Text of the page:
by Merrill College of Journalism Press Releases is licensed under CC BY-NC 2.0.
Nevertheless, the algorithms of digital platforms are artificially biased, which raises doubts and concerns about their effectiveness. When black creators mention the “#n-word”, they will face serious control, but white people still mention it frequently, and it is still popular (Jones & Hall, 2019). Thus, it can be seen that the content moderation of digital platforms has a strong dependence on algorithms, which highlights the importance of multi-party joint action.
“Black Men, Black Male, Made in the U.S.A.“
by Thomas Hawk is licensed under CC BY-NC 2.0.
Third Party: Content Moderation Intermediaries
The challenge of policing the Internet is also shared by third-party intermediaries, who can optimize AI machine algorithms and find outsourced human moderators. Initially, with the historical change of the network, the digital actors of the digital platform are more able to achieve direct contact than those in the old media era, so nowadays more emphasis is placed on protecting the interested parties from harm in the process of interpersonal communication (Gillespie et al., 2020). This means that digital platforms need to spend a lot of effort to complete the work of moderators, which is difficult for them to bear the cost, so third-party intermediaries have gradually become indispensable secret partners of digital platforms (The Hustle, 2021). It is obvious that to meet their economic benefits, the intermediary has a two-way relationship with the digital platform.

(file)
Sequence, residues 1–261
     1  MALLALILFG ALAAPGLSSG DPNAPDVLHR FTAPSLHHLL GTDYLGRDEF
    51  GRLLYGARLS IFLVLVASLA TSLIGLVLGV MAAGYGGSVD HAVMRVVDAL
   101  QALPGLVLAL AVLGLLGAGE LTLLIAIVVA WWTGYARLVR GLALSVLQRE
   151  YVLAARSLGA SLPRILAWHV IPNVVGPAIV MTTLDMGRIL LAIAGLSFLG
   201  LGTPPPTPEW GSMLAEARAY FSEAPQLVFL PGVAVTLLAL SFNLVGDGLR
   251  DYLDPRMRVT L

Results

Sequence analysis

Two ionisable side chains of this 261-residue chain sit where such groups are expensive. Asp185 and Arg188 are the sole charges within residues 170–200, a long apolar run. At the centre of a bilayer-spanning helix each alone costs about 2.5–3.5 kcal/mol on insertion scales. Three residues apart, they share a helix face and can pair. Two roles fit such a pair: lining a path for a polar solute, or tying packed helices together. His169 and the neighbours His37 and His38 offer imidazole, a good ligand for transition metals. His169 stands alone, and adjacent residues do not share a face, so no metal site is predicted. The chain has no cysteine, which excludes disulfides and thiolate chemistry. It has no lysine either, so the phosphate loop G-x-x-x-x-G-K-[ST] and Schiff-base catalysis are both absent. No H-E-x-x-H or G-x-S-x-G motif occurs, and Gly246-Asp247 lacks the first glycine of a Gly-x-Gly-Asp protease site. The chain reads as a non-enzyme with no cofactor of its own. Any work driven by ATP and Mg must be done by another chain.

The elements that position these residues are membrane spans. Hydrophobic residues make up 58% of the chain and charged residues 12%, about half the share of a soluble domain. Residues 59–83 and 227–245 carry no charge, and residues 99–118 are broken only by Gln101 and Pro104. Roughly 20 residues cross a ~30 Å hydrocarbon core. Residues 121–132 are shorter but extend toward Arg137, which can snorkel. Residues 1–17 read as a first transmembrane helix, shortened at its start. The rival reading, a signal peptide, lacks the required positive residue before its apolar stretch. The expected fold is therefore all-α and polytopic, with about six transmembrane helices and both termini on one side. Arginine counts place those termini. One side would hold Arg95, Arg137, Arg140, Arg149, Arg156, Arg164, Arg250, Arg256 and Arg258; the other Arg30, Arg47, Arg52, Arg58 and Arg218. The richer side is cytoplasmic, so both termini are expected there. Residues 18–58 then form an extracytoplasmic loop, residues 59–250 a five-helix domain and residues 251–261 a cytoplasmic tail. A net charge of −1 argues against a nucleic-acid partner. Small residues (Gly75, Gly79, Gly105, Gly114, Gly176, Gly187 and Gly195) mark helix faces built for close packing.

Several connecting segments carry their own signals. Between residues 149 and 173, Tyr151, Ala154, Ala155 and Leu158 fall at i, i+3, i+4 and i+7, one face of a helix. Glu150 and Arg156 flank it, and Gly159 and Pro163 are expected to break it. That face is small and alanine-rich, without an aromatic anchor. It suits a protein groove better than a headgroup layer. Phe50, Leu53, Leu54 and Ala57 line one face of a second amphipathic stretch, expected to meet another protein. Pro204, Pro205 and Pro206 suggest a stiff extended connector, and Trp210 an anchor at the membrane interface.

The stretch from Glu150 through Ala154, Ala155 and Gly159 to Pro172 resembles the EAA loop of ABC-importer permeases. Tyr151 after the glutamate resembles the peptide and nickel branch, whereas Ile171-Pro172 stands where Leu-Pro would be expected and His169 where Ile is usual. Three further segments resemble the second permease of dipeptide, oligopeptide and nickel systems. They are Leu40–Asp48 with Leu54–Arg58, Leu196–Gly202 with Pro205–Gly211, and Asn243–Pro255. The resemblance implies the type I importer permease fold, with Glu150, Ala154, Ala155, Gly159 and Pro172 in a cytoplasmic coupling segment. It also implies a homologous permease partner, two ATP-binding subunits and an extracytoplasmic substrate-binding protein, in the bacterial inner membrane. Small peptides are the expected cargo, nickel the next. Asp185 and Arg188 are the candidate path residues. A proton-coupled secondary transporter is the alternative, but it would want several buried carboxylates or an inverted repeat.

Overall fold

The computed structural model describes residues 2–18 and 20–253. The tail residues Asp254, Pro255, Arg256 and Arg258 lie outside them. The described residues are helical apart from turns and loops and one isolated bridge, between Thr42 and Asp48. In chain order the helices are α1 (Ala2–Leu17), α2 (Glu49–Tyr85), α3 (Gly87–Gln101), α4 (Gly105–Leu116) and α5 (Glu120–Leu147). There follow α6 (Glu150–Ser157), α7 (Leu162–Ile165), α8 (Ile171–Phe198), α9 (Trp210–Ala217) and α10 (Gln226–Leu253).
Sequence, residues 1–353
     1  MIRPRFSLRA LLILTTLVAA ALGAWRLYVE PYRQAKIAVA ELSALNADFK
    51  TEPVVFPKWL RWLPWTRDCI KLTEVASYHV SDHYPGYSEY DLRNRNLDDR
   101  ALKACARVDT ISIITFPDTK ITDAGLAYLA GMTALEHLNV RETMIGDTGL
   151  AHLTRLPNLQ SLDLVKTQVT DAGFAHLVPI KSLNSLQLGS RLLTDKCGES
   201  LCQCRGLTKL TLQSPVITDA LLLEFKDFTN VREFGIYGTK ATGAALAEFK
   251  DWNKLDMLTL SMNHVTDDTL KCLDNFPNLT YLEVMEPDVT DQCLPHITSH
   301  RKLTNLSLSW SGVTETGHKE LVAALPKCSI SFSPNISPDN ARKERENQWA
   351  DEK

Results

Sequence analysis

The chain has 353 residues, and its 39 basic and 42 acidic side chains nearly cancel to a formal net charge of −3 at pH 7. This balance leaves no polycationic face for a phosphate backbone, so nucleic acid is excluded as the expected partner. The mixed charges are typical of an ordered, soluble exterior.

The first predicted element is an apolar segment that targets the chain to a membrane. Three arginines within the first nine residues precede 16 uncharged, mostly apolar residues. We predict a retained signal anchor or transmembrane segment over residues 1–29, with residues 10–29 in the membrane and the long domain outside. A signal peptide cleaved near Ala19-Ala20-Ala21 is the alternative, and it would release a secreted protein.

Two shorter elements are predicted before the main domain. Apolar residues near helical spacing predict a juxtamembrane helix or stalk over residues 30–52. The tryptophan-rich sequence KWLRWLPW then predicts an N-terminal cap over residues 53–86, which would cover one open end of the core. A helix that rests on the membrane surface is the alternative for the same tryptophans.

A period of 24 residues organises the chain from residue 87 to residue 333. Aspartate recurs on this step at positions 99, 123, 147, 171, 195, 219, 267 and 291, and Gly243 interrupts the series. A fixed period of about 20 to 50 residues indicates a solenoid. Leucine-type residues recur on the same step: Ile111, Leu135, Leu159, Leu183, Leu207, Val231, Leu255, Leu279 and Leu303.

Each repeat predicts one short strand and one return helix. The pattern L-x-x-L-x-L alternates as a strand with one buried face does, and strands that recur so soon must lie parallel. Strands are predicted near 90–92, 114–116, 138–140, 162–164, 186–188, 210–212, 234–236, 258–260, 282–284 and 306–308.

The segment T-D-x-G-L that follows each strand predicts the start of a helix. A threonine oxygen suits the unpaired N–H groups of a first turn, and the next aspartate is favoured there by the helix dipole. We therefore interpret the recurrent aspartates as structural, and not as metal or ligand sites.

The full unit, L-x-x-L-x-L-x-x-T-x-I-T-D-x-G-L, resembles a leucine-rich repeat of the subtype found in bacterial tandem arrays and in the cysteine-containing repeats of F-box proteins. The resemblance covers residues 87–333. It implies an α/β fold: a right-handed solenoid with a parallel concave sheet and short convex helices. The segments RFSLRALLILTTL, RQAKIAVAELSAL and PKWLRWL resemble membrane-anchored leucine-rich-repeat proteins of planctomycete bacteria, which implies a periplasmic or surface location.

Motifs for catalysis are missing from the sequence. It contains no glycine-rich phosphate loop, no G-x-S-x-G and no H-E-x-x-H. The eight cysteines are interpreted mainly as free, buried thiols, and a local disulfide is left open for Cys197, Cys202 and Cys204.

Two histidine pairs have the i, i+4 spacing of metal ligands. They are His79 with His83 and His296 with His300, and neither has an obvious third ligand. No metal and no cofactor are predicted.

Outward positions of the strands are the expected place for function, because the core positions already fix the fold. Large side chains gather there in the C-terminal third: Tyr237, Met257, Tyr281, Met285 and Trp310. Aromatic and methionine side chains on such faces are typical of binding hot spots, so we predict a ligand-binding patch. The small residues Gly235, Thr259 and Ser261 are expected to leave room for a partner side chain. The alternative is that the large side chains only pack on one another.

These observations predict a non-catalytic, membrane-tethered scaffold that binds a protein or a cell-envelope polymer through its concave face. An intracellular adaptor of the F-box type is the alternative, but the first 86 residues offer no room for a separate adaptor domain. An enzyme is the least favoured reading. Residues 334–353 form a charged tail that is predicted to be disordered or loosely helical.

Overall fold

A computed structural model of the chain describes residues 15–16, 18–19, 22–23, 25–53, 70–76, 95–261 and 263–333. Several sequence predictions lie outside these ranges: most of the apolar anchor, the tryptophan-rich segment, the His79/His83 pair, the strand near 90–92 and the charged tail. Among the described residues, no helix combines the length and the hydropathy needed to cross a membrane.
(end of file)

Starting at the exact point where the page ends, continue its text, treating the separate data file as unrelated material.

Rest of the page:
‘It’s the worst job and no-one cares’ by BBC NEWS. All rights reserved. Retrieved from: https://www.youtube.com/watch?v=yK86Rzo_iHA
For example, #Accenture Company, after complying with laws and requirements in various regions, continuously refined the features of AI moderation to help Facebook accurately regulate 90%content (possibly downgrade, delete) (The Hustle, 2021). Furthermore, the remaining 10% will be processed by the brains of outsourced employees, thus filtering out the content that AI has no moderation success (The Hustle, 2021). Even though outsourcing employees had regional differences, they had different perceptions of different words and expressions, which also led to their moderation (Roberts, 2019). Consequently, such a way can indeed safeguard the public interest and bring intermediary interests and address the surface problems, but it has to be mentioned that there are certain drawbacks – that do not address the root cause.